Terry Collins, who’s done a pretty good job keeping this team in a winning mindset despite frequent violations of his pledge to “play this game the right way,” has said he’d like to have his staff back again next year, although there’s been speculation that Chip Hale might join Bob Melvin in Oakland. As we said a year ago when Hale was considered for a managerial job with the Mets, his departuire would be leave a palpable void in the third base coaching box, considering some of the clowns who proceeded him. His replacement could be Backman, but maybe not unless the Mets consider a little more security for Collins first.
MBTN readers rock! Check out the photo here from Richard from Dix Hills, who was down at Lake Buena Vista this afternoon and delivered this heartwarming photo of Mookie Wilson back wearing the number God intended for him. As everyone knows, No. 1 has been occupied for more than three years by Luis Castillo, whose departure Friday caused some mixed feeling here. And let’s face it, the idea he had somehow usurped Mookie’s birthright was one of the reasons so few were sad to see him go.
But let’s be fair to Castillo for a change and acknowledge that while he’ll never go down as anyone’s favorite No. 1, he stuck around long enough and accomplished in sufficient enough quantities to rank higher than most others who have shared the No. 1 jersey. Would you believe that as we approach 50 seasons of Mets history, only Mookie has appeared in more games wearing No. 1? Castillo’s.274 career batting average with the Mets trails only Lance Johnson’s .326, Richie Ashburn’s .306 and Mookie’s own .276 among all players to wear No.1 for the Mets. Here’s how it all shakes out among the top No. 1s in Mets history, ranked by games played in the jersey — Vince Coleman’s 1993 wearing No. 11 doesn’t count:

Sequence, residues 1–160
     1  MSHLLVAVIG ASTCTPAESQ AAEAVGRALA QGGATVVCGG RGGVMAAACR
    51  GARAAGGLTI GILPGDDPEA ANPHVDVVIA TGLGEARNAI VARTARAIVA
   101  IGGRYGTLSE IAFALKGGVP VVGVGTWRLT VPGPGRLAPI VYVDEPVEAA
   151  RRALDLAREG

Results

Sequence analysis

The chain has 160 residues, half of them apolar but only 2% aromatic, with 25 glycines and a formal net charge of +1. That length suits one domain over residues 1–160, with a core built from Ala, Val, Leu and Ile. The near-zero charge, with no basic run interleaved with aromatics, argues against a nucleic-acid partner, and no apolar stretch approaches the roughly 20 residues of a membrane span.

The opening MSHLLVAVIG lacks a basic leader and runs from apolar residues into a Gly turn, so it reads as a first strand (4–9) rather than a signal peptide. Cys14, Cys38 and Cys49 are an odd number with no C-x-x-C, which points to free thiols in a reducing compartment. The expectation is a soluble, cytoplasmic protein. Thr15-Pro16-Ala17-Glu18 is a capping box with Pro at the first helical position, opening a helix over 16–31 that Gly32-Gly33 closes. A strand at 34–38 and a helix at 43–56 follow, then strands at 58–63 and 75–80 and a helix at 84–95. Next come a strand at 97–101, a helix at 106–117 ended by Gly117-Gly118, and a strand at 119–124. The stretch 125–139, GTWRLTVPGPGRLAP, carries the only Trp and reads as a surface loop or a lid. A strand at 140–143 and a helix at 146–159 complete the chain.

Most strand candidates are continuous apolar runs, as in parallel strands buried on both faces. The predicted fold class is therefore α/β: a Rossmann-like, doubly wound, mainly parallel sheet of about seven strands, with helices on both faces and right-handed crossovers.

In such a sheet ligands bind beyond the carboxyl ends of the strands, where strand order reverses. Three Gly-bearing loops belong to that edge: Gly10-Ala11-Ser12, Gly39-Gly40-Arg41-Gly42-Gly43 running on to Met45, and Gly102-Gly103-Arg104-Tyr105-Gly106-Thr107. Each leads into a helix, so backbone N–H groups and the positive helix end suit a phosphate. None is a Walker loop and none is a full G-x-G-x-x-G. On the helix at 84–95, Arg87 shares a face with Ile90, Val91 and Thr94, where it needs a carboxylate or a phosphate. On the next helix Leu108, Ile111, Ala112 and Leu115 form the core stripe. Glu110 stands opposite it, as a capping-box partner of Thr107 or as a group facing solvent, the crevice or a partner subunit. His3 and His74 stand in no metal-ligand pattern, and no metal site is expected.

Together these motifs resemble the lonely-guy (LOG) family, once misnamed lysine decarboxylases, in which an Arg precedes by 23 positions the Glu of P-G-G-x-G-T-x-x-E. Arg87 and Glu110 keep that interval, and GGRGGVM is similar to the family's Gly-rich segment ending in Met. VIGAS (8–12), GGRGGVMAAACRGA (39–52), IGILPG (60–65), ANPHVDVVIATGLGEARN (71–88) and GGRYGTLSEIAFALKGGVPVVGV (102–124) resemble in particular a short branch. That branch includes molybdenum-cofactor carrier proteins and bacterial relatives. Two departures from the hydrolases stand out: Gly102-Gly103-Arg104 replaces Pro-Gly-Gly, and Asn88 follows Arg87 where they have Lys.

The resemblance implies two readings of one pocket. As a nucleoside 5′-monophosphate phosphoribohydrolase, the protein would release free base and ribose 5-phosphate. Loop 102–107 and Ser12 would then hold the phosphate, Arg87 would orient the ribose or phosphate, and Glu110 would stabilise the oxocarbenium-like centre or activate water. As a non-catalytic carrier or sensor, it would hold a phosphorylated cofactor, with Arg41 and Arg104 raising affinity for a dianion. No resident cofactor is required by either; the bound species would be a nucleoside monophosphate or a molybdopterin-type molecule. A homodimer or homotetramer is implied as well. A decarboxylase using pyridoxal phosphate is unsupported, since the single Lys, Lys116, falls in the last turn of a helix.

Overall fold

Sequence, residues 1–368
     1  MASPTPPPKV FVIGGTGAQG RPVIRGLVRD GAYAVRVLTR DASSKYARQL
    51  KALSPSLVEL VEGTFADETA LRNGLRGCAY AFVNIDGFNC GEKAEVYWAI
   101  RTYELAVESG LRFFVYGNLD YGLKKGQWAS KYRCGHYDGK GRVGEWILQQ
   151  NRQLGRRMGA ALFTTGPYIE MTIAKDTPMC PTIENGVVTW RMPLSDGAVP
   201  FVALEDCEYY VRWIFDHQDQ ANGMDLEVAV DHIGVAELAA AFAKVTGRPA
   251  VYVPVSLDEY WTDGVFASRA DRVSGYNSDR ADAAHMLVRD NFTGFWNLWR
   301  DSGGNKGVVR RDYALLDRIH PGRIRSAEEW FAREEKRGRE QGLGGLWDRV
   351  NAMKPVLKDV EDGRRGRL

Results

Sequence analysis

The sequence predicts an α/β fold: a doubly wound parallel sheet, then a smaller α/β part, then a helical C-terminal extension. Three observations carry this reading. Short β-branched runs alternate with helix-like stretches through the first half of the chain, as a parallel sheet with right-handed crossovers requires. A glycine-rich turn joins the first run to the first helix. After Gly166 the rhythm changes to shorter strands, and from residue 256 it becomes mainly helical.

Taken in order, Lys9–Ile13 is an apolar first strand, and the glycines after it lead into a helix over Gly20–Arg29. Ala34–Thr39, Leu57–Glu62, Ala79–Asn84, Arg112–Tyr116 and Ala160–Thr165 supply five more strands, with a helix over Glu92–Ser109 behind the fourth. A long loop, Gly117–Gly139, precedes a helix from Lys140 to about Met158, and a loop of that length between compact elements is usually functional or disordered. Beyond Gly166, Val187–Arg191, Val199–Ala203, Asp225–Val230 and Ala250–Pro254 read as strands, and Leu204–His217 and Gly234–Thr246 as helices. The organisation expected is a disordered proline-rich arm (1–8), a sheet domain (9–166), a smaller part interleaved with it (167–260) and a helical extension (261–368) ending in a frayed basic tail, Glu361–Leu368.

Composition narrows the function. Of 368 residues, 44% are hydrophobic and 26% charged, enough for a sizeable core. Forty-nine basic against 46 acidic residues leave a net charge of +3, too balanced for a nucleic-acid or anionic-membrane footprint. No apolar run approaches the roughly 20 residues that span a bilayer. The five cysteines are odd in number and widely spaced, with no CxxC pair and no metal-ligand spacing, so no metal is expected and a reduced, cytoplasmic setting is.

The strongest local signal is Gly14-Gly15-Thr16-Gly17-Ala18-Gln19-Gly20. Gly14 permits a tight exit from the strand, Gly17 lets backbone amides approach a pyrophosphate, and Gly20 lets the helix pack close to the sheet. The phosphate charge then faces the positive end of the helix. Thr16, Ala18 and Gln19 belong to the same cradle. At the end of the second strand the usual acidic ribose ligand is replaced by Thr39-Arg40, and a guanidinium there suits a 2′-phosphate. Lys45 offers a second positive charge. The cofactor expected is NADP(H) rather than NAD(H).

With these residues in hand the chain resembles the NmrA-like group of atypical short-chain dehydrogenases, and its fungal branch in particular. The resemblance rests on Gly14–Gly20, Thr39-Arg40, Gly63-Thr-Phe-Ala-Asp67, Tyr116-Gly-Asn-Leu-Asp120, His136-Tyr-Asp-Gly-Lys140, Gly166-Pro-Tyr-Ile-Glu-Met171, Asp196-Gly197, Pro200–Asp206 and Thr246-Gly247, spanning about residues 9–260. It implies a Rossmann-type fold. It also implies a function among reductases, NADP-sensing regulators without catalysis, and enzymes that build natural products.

It was never Luis Castillo‘s fault that he was offered a contract that was four times the length it should have been, nor was it his fault that the organization that offered that deal couldn’t or wouldn’t find a better second baseman long after it was clear that it didn’t possess the kind of dynamic offense that could afford to carry an everyday player with such limited usefulness. And even now that we know Castillo has been released, it’s not even clear there’s a vastly superior option to replace him. So even if the Mets are doing the right thing today by cutting Castillo loose, there’s something profoundly sad about the whole thing.
Aside from a creaky first year and one really, really, really bad error, Castillo gave the Mets almost exactly what they should have expected from a slap-hitting, low-power, chubby, aging middle infielder with good on-base skills: Slap hits, little power, declining range and baserunning, and good on-base skills. As for Andy Martino’s provocative piece in the Daily News this morning, I’m glad he’s out there asking those questions, because he’s right about one thing: Fans have a bad habit of assigning character flaws to players whose performance disappoints, and the amount of fan abuse and media attention Castillo drew was way out of proportion to his crimes. He should not have ridden the pine last year so that a player who was so over his head offensively that he’s not even in the conversation as a starter this year could have played, much less while the Mets still had at least a prayer.